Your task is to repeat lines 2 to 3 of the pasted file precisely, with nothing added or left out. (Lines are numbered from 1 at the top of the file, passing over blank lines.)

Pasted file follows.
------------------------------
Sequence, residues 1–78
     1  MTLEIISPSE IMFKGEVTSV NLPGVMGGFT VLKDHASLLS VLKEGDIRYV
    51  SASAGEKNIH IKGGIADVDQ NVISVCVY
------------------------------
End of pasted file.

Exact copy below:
     1  MTLEIISPSE IMFKGEVTSV NLPGVMGGFT VLKDHASLLS VLKEGDIRYV
    51  SASAGEKNIH IKGGIADVDQ NVISVCVY